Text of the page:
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A new type of ADA law suit


From: Steve Green
Date: May 20, 2019 5:24AM

If you operate a hotel or guest rooms in the US, or if you provide website development services to such organisations, you need to read this.

Last year, an ADA law suit was brought against one of our clients that operates a hotel in New York. The suit claimed that the website was not accessible, and after making the necessary improvements we thought the problem had gone away.

However, they have just received another ADA law suit, but this one is different. It is claiming that the website does not contain the necessary information about accessible rooms and features. As far as I can tell, this information is mandatory and it is not present on our client's website. What surprises me is that in all the discussions about ADA cases, I have never seen this requirement mentioned. I am also surprised that our client's US lawyers didn't tell them about it.

Fixing this isn't just a matter of adding some text content. Some of the requirements mean that the booking process will need to be redesigned. And these requirements also apply to rooms sold through third parties.

Whilst I hope this is a one-off claim, there is the possibility we will now see another tsunami of them like we did last year.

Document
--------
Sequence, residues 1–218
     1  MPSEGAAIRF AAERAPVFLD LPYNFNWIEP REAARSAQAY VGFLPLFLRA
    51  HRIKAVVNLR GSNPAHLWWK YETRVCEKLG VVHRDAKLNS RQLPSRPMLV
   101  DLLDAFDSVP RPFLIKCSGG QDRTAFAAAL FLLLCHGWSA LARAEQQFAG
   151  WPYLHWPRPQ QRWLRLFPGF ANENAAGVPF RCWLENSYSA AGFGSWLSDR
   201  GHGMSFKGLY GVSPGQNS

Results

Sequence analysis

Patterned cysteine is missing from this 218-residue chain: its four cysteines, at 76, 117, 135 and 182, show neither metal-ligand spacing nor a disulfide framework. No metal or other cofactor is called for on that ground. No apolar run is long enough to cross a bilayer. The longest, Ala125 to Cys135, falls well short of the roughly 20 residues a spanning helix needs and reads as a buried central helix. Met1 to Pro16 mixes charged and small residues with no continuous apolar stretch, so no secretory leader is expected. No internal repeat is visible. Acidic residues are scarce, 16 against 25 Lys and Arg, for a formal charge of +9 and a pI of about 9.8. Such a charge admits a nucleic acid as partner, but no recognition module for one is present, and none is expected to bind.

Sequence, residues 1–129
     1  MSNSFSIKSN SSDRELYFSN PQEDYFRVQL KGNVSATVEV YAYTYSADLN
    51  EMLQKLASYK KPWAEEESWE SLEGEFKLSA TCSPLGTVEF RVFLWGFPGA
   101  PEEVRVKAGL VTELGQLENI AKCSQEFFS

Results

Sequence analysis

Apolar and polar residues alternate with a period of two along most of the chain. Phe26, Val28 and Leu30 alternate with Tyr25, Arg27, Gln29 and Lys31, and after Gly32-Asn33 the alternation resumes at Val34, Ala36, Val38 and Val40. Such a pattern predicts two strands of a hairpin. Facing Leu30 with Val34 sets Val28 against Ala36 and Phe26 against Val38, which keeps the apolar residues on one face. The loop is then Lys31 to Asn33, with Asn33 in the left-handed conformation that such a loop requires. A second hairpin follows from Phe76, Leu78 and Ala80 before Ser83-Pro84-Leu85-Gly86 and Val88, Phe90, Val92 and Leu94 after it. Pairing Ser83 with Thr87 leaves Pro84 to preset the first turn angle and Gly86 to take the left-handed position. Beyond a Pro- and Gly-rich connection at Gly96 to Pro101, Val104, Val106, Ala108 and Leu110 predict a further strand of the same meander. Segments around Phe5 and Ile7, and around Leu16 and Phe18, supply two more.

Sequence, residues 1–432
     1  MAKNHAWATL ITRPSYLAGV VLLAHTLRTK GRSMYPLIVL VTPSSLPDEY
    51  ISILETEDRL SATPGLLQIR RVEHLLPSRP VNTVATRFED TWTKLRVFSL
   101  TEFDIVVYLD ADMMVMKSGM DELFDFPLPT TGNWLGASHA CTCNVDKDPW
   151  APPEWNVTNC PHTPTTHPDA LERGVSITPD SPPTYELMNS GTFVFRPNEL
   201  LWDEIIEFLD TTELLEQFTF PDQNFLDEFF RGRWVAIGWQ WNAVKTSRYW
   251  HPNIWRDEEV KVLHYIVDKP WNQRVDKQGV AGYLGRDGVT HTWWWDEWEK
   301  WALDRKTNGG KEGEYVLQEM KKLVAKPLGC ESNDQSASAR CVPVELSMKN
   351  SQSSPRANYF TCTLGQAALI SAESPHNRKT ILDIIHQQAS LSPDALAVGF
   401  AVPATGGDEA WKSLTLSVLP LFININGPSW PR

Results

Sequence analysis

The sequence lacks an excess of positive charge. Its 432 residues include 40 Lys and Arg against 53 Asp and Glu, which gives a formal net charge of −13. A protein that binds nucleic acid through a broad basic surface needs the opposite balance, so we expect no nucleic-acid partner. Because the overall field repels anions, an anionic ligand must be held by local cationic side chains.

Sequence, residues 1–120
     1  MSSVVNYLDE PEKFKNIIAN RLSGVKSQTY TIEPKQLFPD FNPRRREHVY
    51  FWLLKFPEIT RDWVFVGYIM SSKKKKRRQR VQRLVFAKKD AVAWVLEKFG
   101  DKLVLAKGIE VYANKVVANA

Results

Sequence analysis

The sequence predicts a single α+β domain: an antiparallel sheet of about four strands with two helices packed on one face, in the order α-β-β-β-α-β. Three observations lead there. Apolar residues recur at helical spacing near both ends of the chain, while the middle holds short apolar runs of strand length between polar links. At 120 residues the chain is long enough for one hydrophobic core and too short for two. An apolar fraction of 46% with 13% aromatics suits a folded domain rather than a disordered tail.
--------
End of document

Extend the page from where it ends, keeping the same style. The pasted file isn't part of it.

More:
The relevant section in ADA is 28 cfr section 36.302(e)(1), which says:

Reservations made by places of lodging.
A public accommodation that owns, leases (or leases to), or operates a place of lodging shall, with respect to reservations made by any means, including by telephone, in-person, or through a third party -

(i) Modify its policies, practices, or procedures to ensure that individuals with disabilities can make reservations for accessible guest rooms during the same hours and in the same manner as individuals who do not need accessible rooms;

(ii) Identify and describe accessible features in the hotels and guest rooms offered through its reservations service in enough detail to reasonably permit individuals with disabilities to assess independently whether a given hotel or guest room meets his or her accessibility needs;

(iii) Ensure that accessible guest rooms are held for use by individuals with disabilities until all other guest rooms of that type have been rented and the accessible room requested is the only remaining room of that type;

(iv) Reserve, upon request, accessible guest rooms or specific types of guest rooms and ensure that the guest rooms requested are blocked and removed from all reservations systems; and

(v) Guarantee that the specific accessible guest room reserved through its reservations service is held for the reserving customer, regardless of whether a specific room is held in response to reservations made by others.

Steve Green
Managing Director
Test Partners Ltd
020 3002 4176 (direct)
0800 612 2780 (switchboard)
07957 246 276 (mobile)
020 7692 5517 (fax)
Skype: testpartners
Connect to me on LinkedIn - http://uk.linkedin.com/in/stevegreen2